“Approximately 95 million cups of coffee are consumed per day in the UK alone, producing hundreds of thousands of tonnes of waste coffee grounds annually.”
Coffee recycling company bio-bean has secured £4 million in equity funding with the help of investment bank ClearlySo. According to bio-bean, the funding round will be able to help the company to launch new product lines and expand internationally.
Bio-bean was started in 2013 by founders Arthur Kay and Benjamin Harriman. It recycles used coffee grounds into fuel sources including biomass briquettes and pellets for use in wood burners. It also turns this waste into biochemicals. Its first product, the Coffee Log, was launched in 2016, with each log made from the grounds of about 25 cups of coffee.
Speaking about the £4m equity funding, Chris Harrison, CEO of bio-bean (@bio_bean_UK), said: “This investment is a hugely exciting development for bio-bean. It will enable us to push for even greater innovation in extracting commercial value from used coffee grounds otherwise considered a waste, helping to further strengthen bio-bean’s position at the forefront of the circular economy and increase the use of sustainable, second-generation resources.”
In a statement, bio-bean said that it offers a coffee waste recycling service to clients who produce spent coffee grounds in large quantities such as cafes, office buildings and transport hubs, the company collects and transports the coffee waste to its factory where it is then transformed into a range of valuable bio-based products using a patent-pending process to extract the latent resource.
Jon Wright, investment manager at ClearlySo (@ClearlySo), said: “Bio-bean is one of the best examples of a circular economy business that I have come across. Thinking about how we use waste and our limited resources is especially important as we drive towards a more sustainable future, and the massive opportunity presented by the circular economy is proving a popular theme with investors.”
‘Ripe for disruption’
Speaking about bio-bean in 2016, founder Arthur Kay said: “There is a massive market out there that is currently ripe for disruption. Currently, the traditional fuels that are used in fireplaces like coal are dirty and mainly imported. We have this sustainable, locally-manufactured product to sue, which is much better than using coal and wood.”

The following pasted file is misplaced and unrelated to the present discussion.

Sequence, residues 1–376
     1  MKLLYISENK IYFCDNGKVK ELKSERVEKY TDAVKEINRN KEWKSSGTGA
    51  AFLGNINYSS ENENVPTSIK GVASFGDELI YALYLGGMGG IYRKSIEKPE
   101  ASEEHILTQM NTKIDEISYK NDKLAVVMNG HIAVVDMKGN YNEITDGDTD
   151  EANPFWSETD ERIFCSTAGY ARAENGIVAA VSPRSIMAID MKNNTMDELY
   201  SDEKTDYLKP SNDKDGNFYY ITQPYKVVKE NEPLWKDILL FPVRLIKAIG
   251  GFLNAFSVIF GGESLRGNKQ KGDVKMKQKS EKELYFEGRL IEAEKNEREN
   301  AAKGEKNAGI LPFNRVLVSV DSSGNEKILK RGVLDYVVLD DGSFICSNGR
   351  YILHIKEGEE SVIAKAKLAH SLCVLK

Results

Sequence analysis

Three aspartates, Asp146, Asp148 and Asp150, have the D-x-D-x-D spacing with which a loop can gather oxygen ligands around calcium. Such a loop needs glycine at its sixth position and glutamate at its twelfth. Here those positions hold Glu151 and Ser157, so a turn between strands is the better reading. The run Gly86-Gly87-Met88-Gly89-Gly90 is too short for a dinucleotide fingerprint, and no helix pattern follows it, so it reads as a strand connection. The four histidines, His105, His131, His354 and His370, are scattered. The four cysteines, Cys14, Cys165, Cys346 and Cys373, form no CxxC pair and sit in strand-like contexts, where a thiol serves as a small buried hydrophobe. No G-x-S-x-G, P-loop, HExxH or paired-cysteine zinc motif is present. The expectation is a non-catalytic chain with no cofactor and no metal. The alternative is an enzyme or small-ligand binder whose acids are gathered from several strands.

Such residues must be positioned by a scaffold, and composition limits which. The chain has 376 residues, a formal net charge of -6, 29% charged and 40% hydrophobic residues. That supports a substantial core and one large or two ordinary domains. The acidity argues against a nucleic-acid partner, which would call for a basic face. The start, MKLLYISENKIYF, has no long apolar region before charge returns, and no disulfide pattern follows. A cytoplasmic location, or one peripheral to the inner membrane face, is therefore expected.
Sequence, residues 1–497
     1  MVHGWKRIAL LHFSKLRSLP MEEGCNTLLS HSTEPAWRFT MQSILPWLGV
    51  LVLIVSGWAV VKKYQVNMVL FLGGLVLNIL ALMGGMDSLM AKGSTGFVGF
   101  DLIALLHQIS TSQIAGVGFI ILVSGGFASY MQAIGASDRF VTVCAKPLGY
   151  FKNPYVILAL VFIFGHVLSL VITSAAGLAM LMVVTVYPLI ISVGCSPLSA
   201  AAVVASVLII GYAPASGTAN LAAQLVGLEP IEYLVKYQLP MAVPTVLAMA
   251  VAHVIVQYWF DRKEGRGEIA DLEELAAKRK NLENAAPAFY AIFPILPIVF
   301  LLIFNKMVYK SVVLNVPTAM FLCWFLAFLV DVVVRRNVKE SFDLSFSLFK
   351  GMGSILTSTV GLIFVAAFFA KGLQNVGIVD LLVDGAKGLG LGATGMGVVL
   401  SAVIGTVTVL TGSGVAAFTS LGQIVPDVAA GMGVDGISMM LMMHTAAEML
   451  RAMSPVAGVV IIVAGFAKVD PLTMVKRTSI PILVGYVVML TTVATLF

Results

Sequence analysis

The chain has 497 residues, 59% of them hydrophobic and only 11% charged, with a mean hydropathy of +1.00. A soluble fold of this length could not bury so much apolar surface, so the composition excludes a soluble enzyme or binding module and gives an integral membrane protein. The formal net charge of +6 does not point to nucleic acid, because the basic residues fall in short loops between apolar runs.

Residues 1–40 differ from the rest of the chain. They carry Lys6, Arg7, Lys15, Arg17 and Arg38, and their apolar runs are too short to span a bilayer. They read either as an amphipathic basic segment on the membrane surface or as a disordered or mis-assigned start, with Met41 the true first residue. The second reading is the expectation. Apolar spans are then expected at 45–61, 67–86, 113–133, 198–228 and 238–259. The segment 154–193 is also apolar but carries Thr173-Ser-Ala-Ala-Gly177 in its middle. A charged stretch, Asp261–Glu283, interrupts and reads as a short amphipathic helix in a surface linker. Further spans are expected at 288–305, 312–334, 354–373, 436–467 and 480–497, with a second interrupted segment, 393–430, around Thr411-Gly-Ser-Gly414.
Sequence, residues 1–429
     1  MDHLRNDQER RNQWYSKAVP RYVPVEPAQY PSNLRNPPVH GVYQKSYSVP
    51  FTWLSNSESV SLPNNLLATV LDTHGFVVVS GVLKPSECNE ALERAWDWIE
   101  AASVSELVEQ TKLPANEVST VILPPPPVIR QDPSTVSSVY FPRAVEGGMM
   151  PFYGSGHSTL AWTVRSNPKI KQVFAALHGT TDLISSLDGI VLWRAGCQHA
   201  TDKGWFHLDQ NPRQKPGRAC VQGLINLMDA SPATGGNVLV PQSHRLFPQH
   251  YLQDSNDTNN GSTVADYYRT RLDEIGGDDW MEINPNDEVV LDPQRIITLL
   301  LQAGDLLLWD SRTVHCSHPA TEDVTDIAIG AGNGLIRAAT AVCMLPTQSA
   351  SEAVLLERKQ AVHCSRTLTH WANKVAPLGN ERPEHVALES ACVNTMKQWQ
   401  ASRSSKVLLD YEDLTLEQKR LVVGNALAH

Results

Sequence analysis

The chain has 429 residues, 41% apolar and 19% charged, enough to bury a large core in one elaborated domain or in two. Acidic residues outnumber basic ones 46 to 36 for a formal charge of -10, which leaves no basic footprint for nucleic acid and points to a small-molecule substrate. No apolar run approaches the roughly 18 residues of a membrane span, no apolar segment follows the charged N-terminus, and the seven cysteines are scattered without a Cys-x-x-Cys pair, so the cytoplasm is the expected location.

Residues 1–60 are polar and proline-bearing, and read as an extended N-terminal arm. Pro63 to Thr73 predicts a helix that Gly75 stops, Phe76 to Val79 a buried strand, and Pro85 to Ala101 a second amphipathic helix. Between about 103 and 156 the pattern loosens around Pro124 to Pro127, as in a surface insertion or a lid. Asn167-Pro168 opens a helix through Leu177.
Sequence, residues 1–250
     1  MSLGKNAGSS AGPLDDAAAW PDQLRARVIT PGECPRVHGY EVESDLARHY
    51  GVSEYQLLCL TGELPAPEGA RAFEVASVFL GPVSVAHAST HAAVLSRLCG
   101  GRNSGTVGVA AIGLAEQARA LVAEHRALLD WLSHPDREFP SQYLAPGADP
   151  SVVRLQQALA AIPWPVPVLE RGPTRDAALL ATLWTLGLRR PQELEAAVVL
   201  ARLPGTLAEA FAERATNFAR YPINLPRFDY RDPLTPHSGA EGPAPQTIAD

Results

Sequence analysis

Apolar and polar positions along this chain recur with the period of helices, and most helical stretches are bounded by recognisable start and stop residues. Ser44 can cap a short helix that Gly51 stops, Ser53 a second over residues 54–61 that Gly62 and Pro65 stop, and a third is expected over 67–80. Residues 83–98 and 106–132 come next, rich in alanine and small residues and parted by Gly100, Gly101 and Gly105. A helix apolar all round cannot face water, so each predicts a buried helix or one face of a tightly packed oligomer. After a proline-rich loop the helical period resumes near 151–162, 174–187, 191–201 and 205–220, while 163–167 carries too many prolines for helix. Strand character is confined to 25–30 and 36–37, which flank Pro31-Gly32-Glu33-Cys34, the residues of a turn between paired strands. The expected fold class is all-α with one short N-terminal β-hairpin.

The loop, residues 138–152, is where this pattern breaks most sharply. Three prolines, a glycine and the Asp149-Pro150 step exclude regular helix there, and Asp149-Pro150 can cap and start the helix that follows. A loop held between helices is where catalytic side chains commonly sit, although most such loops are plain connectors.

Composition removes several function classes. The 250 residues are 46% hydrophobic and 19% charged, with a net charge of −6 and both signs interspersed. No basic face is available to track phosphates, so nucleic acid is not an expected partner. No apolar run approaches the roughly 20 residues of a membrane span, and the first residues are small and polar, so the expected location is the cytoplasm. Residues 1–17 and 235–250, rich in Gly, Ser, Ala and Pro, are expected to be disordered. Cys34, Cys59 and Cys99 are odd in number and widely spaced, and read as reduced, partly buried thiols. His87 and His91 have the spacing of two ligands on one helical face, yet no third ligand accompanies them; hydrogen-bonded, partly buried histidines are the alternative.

Approximately 95 million cups of coffee are consumed per day in the UK alone, producing hundreds of thousands of tonnes of waste coffee grounds annually. Currently, the majority of this waste goes to landfill where it emits methane, a greenhouse gas that is 28 times more potent than carbon dioxide.
As well as damaging the environment, landfill is a costly method of waste disposal for businesses because of the UK government’s landfill tax.
Bio-bean is not the only company in the UK that had the idea to recycle coffee and use it as a resource. Scottish startup Revive Eco is also recycling waste. Revive Eco is aiming to go global with their hope of to replace palm oil using coffee waste.
Scott Kennedy and Fergus Moore are honing a chemical technique that extracts oils from used coffee grounds. According to the BBC, the two men first got the idea to use coffee waste oil when they were working in cafes during their time in college.
According to Kennedy and Moore, the bulk of café waste was made up of used coffee grounds and rather than letting this resource go to waste, they developed a method of using the coffee ground oil as a substitute for palm oil.
“There are oils in coffee with a wide range of uses in different industries – cosmetics, pharmaceuticals, food and drink, household products – you name it, there’s probably a use there,” Moore told the BBC. “The most exciting part for us it that they have all the same components as palm.”
Since palm oil has been linked to deforestation, dangerous sources of GHGs, the prosecution of native people, and the destruction of wildlife habitats, food and cosmetic industries have been coming under increasing pressure to ditch palm oil from their ingredients lists.
Moore and Kennedy have already started recycling waste coffee into palm oil in Scotland and have plans to start expanding into other European cities, according to the BBC.